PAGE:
I love the idea of EDMR in the same way as I love the idea of … say … some breeds of dog - I’d want to have one in my life but I’m just not a good candidate and the result could be detrimental.


I hope this is really successful for you!
 

Chris-duck

MyPTSD Pro
It's 40 to 50 minutes of intense concentration on something incredibly unpleasant to recall or think about.
So is exposure therapy though. So I'm still unsure on what the difference is.
I question where your SUDS rating was before you began.
Zero. Like it always is. 95% of the time my SUDS is zero. But that's no different ever. I'm basically always at baseline.
I think your approach to do what’s right for YOU is spot on.
Yeah. Nobody replies are gonna influence my choices in my own mental health. But people really get their melodrama on talking about emdr which confuses me.
I hope this is really successful for you!
Thanks
 

Skywatcher

MyPTSD Pro
@Chris-duck I am curious…. If your SUDS is 0, why do you need therapy in the first place? Or more specifically, Emdr therapy. We work on things that are bothering me and affecting my ability to function in my day to day life. If things weren’t bothering me, I’d be living my life fully. I doubt I’d be digging around to find some.
 

Chris-duck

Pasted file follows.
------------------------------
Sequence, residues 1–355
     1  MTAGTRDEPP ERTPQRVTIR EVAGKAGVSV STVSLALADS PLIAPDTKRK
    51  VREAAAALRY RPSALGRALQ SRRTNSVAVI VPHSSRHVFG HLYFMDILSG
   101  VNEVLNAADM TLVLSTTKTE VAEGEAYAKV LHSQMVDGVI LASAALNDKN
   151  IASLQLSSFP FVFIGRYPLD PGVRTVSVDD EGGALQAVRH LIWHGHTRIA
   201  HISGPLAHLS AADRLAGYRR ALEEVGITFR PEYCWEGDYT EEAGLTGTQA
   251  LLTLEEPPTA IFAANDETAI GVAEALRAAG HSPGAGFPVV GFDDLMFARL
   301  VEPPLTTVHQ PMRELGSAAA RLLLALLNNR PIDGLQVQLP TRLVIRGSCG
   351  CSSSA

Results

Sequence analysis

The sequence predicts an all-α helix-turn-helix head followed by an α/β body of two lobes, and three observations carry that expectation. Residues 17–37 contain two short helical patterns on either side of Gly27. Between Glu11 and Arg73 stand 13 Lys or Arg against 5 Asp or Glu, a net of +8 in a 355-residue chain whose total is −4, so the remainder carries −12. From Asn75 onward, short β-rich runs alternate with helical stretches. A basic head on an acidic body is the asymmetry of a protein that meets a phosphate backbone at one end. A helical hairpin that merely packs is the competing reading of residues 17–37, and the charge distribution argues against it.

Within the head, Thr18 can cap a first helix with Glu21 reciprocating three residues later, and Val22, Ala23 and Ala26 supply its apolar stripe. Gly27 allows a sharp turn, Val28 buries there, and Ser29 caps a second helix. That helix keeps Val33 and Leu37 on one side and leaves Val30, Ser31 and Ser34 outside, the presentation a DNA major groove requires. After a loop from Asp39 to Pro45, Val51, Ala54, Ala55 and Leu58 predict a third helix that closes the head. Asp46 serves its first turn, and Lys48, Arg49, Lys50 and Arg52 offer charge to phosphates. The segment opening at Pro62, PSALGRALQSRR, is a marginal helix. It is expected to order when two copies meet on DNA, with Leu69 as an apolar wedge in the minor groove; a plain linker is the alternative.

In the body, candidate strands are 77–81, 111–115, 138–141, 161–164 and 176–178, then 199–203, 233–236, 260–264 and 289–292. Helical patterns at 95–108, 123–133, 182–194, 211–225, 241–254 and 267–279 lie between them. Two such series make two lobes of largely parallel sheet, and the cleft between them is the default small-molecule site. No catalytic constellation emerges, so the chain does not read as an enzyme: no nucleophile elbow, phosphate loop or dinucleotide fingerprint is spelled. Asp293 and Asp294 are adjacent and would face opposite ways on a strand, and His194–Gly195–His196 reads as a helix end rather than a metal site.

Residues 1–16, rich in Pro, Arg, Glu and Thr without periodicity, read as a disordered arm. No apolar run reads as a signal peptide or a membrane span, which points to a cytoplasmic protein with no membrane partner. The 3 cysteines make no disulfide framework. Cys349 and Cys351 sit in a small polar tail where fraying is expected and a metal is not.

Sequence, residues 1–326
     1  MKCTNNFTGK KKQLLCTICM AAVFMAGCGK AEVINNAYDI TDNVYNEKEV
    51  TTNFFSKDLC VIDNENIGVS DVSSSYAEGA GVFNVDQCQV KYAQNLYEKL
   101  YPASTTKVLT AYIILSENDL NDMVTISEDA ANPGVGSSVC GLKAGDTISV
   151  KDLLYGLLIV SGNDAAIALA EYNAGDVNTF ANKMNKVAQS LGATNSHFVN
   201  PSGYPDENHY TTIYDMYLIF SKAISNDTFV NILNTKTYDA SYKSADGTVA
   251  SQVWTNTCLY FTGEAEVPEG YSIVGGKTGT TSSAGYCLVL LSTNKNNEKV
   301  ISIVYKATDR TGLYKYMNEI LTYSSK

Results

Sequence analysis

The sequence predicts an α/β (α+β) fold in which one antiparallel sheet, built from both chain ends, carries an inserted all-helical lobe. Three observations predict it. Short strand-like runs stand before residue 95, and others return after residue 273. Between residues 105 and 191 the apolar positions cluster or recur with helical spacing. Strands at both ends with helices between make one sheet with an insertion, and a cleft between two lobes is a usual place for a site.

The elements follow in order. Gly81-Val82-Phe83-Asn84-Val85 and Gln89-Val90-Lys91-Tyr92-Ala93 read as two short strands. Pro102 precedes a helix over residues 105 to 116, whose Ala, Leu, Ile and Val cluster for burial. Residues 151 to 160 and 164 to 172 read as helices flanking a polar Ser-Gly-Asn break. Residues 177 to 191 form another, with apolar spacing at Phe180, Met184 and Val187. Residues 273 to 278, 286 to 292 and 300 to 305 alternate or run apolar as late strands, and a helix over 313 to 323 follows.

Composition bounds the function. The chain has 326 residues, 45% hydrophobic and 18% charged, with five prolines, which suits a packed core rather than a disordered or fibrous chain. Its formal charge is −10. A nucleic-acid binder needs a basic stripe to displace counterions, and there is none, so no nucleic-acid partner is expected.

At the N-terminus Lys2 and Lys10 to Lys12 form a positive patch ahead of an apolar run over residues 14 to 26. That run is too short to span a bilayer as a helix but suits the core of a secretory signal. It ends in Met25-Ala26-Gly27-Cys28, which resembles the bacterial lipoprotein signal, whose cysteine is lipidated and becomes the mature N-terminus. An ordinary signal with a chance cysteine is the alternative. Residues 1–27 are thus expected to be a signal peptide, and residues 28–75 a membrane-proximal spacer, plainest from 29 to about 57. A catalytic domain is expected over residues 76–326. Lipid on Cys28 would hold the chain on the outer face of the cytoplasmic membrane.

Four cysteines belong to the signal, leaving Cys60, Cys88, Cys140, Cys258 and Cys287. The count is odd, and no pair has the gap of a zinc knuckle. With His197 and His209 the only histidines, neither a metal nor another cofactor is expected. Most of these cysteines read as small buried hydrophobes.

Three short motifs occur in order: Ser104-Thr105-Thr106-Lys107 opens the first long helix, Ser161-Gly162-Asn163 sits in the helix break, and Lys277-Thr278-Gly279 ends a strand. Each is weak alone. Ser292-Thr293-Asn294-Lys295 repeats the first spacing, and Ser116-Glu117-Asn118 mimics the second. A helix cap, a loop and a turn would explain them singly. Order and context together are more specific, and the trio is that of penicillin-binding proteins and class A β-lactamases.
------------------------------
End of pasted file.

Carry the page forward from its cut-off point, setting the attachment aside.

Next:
MyPTSD Pro
If your SUDS is 0, why do you need therapy in the first place?
Because my main issue is cognitive distortions based on my no shits given approach to trauma. So it's been suggested as a way to break through my avoidance.

And as for digging around to find issues, I am not. And I find the implication judgemental, even though I assume it's from a lack of knowledge about my situation. My issues exist, I can't get past my defence mechanisms. So emdr was suggested
 

Chris-duck

MyPTSD Pro
I also don't think 1-10 scales are useful for me tbh. Actively suicidal is something I'd rate as a 7, 10 is worst I can imagine, I can imagine a 10 n I've never hit it. 0 is my baseline.

EMDR is a type of exposure therapy
That's kinda my point. Like why the melodrama surrounding it about brain damage and losing your mind? That doesn't exist around conventional exposure.
 

Friday

Moderator
Because my main issue is cognitive distortions based on my no shits given approach to trauma
My (limited!) understanding from talking with a mate who does EMDR (as in they’re a therapist, and train others) is that one would work on the cognitive distortion backwards. Rather than specific events forward. That’s under the complex trauma advanced EMDR set, however, and that’s only a few years old / there are very very few EMDR certified therapists -percentage wise- who are trained in complex trauma.
That's kinda my point. Like why the melodrama surrounding it about brain damage and losing your mind? That doesn't exist around conventional exposure.
Because in the early days of EMDR, decades ago, therapists pushed trauma clients too far, too fast.... and the same thing happened then that happens in all other kinds of therapy when a trauma client is pushed too far, too fast; rapid decompensation, psychosis, suicide.